After a cavalry group is massacred by the Cheyenne, only two survivors remain: Honus, a naive private devoted to his duty, and Cresta, a young woman who had lived with the Cheyenne two ... See full summary »
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After a cavalry group is massacred by the Cheyenne, only two survivors remain: Honus, a naive private devoted to his duty, and Cresta, a young woman who had lived with the Cheyenne two years and whose sympathies lie more with them than with the US government. Together, they must try to reach the cavalry's main base camp. As they travel onward, Honus is torn between his growing affection for Cresta, and his disgust for her anti-American beliefs. They reach the cavalry campsite on the eve of an attack on a Cheyenne village, where Honus will learn which side has really been telling him the truth. Written by
Jean-Marc Rocher <firstname.lastname@example.org>
In order to recreate the gory Sand Creek massacre of Cheyenne Indians, director Ralph Nelson sought the services of orphaned amputees. Various prosthetic limbs were affixed to missing body parts of these amputees, and then, in one of the most blood-and-guts sequences in film history, these "limbs" were mercilessly hacked off as the cameras rolled. See more »
Candice Bergen's character has shaved armpits. This was not a practice for Western women until the twentieth century. See more »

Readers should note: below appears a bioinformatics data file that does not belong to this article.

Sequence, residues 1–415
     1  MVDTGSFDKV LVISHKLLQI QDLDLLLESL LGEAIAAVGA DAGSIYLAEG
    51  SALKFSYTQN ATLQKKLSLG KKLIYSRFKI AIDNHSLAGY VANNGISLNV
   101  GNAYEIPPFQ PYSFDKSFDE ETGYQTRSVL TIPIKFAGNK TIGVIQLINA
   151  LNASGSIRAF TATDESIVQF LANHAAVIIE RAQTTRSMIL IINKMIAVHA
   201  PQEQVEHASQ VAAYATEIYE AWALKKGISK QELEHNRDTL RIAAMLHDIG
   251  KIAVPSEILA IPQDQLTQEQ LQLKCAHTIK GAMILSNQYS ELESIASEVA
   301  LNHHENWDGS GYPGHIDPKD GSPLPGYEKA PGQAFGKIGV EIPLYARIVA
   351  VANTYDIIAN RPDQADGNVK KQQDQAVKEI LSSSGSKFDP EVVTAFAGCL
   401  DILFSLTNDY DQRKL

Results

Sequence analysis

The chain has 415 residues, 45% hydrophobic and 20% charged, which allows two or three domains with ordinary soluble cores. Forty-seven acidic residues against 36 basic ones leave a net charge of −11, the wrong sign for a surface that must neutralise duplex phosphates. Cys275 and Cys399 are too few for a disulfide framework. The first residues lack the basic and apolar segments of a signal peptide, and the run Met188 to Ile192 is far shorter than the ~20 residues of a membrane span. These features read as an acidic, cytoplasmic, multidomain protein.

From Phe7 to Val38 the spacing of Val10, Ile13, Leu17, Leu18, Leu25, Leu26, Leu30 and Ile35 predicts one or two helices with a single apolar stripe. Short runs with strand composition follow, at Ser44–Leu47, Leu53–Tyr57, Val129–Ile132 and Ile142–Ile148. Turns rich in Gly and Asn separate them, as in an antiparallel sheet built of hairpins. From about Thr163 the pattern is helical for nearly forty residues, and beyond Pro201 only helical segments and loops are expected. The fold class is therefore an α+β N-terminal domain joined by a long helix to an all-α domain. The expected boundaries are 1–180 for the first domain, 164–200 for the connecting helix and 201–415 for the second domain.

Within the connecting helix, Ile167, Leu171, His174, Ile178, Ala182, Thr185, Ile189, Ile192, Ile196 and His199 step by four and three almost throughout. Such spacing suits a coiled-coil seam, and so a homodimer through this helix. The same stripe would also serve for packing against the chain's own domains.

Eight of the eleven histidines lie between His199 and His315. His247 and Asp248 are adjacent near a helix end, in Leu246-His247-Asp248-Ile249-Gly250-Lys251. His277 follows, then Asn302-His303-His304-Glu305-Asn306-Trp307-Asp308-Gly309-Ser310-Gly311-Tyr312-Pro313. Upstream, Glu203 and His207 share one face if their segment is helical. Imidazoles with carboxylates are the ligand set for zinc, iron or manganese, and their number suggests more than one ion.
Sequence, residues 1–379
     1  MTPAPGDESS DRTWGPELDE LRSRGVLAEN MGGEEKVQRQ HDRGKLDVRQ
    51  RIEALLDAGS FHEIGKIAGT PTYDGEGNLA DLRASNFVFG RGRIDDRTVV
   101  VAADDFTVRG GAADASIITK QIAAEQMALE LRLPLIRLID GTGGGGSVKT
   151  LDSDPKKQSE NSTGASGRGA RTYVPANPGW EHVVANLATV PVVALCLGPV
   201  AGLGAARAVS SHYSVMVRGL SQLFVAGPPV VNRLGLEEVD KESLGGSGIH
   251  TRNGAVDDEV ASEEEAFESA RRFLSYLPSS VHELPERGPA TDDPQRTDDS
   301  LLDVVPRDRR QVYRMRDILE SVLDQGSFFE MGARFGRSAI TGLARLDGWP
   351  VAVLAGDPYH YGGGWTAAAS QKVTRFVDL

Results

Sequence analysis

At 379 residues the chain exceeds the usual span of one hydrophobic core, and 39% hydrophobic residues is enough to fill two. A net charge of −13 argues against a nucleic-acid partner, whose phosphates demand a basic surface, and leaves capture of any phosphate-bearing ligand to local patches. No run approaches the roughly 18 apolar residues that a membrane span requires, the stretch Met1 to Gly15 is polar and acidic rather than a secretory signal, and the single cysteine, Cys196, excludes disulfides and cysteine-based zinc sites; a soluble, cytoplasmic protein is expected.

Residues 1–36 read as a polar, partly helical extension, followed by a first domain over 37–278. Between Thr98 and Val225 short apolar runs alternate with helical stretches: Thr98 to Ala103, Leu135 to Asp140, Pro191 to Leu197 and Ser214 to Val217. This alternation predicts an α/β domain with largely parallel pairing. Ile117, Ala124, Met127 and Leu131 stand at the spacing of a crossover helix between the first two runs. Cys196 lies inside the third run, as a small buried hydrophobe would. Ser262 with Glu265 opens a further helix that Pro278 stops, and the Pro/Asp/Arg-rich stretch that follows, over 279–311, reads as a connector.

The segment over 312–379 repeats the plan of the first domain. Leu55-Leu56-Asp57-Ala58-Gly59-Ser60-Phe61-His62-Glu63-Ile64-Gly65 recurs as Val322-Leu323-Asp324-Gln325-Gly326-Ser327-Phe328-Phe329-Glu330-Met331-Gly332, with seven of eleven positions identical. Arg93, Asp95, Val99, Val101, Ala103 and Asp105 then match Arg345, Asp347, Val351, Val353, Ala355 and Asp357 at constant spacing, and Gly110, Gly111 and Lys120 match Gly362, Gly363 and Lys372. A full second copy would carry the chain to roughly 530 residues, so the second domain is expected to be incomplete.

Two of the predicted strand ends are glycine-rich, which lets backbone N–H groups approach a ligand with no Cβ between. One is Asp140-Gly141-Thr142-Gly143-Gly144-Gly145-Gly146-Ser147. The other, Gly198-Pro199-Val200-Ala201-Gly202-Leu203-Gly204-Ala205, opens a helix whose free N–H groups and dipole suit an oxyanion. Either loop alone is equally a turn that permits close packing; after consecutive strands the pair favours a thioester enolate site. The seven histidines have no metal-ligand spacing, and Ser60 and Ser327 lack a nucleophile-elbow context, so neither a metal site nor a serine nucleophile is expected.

In its unedited form(amazingly available in censor happy Britain)this is a remarkable movie that once seen is difficult to ever forget.From its eyecatching opening credits accompanied by the heartfelt rendering of the title song by Buffy Saint-Marie to its graphic close,"SOLDIER BLUE" is the masterwork of journeyman director Ralph Nelson. The movie culminates in the notorious Sand Creek massacre when the U.S.cavalry exterminated a peaceful Indian village with very extreme prejudice.The images of carnage here remain vividly grotesque and etch the movie into the mind of the viewer. To get to this point,however,we are treated to the growing romance of the two leading players.Candice Bergen never had a better role than here as Cresta Lee,a far from typical western heroine and Peter Strauss as naive Honus Gant;the "soldier blue" is nothing short of wonderful and seems to grow from boy to man before your eyes as he realises the grim realities of the cause he has eschewed.This actor,always worthy of note,never made it big in the cinema.On the basis of his performance here he most certainly deserved to. His rendering of Tennyson's "THE CHARGE OF THE LIGHT BRIGADE" over the bodies of his dead comrades is a heart-breaking moment and he handles his love scene in a cave with Bergen with remarkable tenderness.Donald Pleasance also scores points as a particularly nasty villain that Cresta and Honus meet on their journey.All supporting roles are very well played and the music by Roy Budd is also worthy of note,a very pleasing score indeed. "SOLDIER BLUE" is a film awaiting rediscovery,it is better than anything directed by John Ford and this poignant,beautiful and bloody tale should be viewed by everyone;young and old alike.
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